Lucky or smart? In the middle of the housing boom, lots of people (including women just like you) would buy properties, fix them up a little, and then sell them for a tidy little profit. Making money by buying and selling properties fairly quickly—say, within three years—is called “flipping.” And, in some areas of the country, it seems to be back.
“Hey,” you say to yourself, “isn’t the market supposed to have gone down?” In most areas of the country prices have gone down, but we’re still seeing some savvy owners bucking the trends and selling at new highs.
Flipping Over the Luxury Market
One of the most outstanding examples is in the luxury market: An apartment previously rented by Mark Wahlberg at 15 Central Park West, bought for $7 million four years ago—which was close to the height of the market—just sold for $16.5 million in March.
However, unlike the early 2000s, when flipping turned into a free-for-all (I even quit my job to try it and wrote a book about the experience) flipping is a little more targeted and restrained nowadays. At LearnVest, we don’t advise you to do this unless you are totally stable with your own income, have a decked-out emergency fund, a tolerance for high risk, a place to live, and enough cash reserves that you won’t need to borrow massive amounts of money to pull it off. But, if you’re contemplating a flip anyway (or are simply curious), know these new rules:
1. Figure Out a Way to Add Value
Buying low and waiting for the market to rise isn’t flipping, it’s gambling. Buying a property so you can renovate the kitchen or reconfigure the rooms such that the next buyer sees the space in a whole new way, is flipping.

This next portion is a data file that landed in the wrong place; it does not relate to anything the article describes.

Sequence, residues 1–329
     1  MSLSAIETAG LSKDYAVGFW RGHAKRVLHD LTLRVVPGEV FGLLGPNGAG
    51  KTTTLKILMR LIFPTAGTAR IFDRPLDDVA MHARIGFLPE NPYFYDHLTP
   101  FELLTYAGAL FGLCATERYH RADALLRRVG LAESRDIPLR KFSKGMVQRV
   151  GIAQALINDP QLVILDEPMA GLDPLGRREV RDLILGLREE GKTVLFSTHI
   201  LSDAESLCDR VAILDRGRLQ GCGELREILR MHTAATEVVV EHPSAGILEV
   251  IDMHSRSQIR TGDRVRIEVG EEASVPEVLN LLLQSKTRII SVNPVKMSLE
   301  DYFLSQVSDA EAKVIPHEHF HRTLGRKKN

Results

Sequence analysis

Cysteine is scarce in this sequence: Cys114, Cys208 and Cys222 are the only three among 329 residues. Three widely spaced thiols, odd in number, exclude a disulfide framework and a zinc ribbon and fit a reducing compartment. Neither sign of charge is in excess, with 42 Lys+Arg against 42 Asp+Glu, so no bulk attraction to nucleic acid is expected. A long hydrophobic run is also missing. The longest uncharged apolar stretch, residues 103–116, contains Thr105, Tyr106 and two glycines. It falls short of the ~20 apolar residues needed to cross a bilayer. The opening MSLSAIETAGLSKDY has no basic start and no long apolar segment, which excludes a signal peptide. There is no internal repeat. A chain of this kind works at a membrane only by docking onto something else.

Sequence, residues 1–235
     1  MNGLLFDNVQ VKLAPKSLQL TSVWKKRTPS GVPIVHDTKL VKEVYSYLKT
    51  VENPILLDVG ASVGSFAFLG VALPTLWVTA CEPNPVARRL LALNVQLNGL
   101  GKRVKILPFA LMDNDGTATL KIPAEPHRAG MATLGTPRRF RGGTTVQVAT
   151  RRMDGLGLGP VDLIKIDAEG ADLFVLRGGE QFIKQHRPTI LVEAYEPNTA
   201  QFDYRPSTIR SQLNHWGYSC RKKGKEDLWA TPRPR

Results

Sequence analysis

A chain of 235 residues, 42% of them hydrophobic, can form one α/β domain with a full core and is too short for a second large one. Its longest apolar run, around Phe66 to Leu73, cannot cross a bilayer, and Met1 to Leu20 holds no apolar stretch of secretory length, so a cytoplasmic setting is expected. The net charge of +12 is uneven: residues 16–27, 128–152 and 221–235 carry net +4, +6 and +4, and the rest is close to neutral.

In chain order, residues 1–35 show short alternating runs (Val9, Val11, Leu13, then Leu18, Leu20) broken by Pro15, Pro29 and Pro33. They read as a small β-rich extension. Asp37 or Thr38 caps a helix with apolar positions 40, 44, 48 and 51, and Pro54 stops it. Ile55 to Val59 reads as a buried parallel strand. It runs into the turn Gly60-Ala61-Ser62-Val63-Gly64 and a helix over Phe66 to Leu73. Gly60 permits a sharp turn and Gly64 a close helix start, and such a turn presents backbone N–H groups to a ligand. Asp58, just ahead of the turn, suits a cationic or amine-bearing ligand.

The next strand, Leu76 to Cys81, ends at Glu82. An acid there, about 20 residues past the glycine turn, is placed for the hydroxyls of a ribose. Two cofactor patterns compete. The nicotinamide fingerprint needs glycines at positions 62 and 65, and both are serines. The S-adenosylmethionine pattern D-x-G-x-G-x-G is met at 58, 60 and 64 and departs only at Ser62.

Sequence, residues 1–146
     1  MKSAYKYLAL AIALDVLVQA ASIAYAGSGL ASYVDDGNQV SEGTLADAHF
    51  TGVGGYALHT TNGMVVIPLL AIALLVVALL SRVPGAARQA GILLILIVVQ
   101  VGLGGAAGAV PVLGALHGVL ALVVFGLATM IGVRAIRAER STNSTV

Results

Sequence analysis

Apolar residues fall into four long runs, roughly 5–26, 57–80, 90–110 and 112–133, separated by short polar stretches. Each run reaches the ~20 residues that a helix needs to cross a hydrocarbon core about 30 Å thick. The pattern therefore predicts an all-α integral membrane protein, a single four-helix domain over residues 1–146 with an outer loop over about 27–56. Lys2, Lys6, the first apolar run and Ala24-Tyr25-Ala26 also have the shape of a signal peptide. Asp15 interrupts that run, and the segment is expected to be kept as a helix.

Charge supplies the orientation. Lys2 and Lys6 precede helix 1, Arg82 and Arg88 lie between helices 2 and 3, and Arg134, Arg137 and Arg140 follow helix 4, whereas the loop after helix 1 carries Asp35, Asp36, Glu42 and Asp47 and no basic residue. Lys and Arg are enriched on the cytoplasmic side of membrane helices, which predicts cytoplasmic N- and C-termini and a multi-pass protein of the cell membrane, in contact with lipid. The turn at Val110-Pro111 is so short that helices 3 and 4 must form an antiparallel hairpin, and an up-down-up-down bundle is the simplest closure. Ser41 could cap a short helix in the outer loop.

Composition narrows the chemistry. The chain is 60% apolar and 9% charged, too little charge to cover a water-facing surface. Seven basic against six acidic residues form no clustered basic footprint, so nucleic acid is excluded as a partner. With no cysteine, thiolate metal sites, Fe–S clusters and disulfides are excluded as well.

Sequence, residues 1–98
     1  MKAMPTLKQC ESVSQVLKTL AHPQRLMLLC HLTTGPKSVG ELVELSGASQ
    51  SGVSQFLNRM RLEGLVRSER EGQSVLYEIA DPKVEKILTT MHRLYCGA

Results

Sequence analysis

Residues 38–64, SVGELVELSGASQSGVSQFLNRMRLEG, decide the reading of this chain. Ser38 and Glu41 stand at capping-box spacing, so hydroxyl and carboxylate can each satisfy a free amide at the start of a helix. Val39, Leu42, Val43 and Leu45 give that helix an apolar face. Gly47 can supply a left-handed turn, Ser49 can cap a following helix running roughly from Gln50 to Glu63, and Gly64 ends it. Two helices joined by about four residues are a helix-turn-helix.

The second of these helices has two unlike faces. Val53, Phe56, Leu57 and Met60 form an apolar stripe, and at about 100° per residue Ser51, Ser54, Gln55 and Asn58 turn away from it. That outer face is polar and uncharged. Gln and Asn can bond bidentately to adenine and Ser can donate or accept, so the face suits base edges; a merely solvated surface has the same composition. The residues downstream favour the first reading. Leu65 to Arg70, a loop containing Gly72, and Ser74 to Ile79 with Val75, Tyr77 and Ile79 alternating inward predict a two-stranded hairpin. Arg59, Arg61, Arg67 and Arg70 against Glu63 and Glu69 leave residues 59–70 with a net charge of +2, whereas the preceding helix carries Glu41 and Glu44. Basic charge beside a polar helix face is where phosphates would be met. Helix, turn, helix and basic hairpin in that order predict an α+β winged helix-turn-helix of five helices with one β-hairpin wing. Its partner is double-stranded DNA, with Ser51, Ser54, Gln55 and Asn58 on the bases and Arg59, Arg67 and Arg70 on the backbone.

2. Be Ready for Surprises
Sometimes older properties in need of a little TLC are the best flips; deep cleaning, new paint, and light renovations can often bring out the beauty in older homes. But, realize that properties that haven’t been well-tended on the surface also might not have gotten their quota of maintenance over the years. You might want to bring in an inspector to look at under-the-surface issues like wiring and foundations. You’ll also want to watch out for common red flags like signs of leaks. Finally, no matter how much homework you’ve done, prepare to find a surprise or two as you’re working on the property.
3. Think About the Next Buyer
You might want to pour money into a historic property to bring out its beautiful nineteenth-century details – but if the property is in a lousy school district, chances are that you’re not selling to a couple with kids, no matter how much they like wainscoting. Always think, “Who wants to live in this neighborhood and will pay for my improvements?”
4. Don’t Over-Improve
Go to open houses (or work with a real estate agent) to learn what’s on the market and what sells. If all the bathrooms in an area are tile with stall showers, think twice before you put in a marble bathroom with a jacuzzi tub. It won’t help you to have very refined tastes if no subsequent buyer wants to pay for them.
5. Prepare to Fail
One set of homeowners who got hit very hard in the downturn were flippers who expected to unload their properties in the next six or twelve months. Like players in a game of musical chairs, they were caught by surprise when the music stopped. Never undertake a flip without a “Plan B” of what you’ll do if you don’t manage to unload it.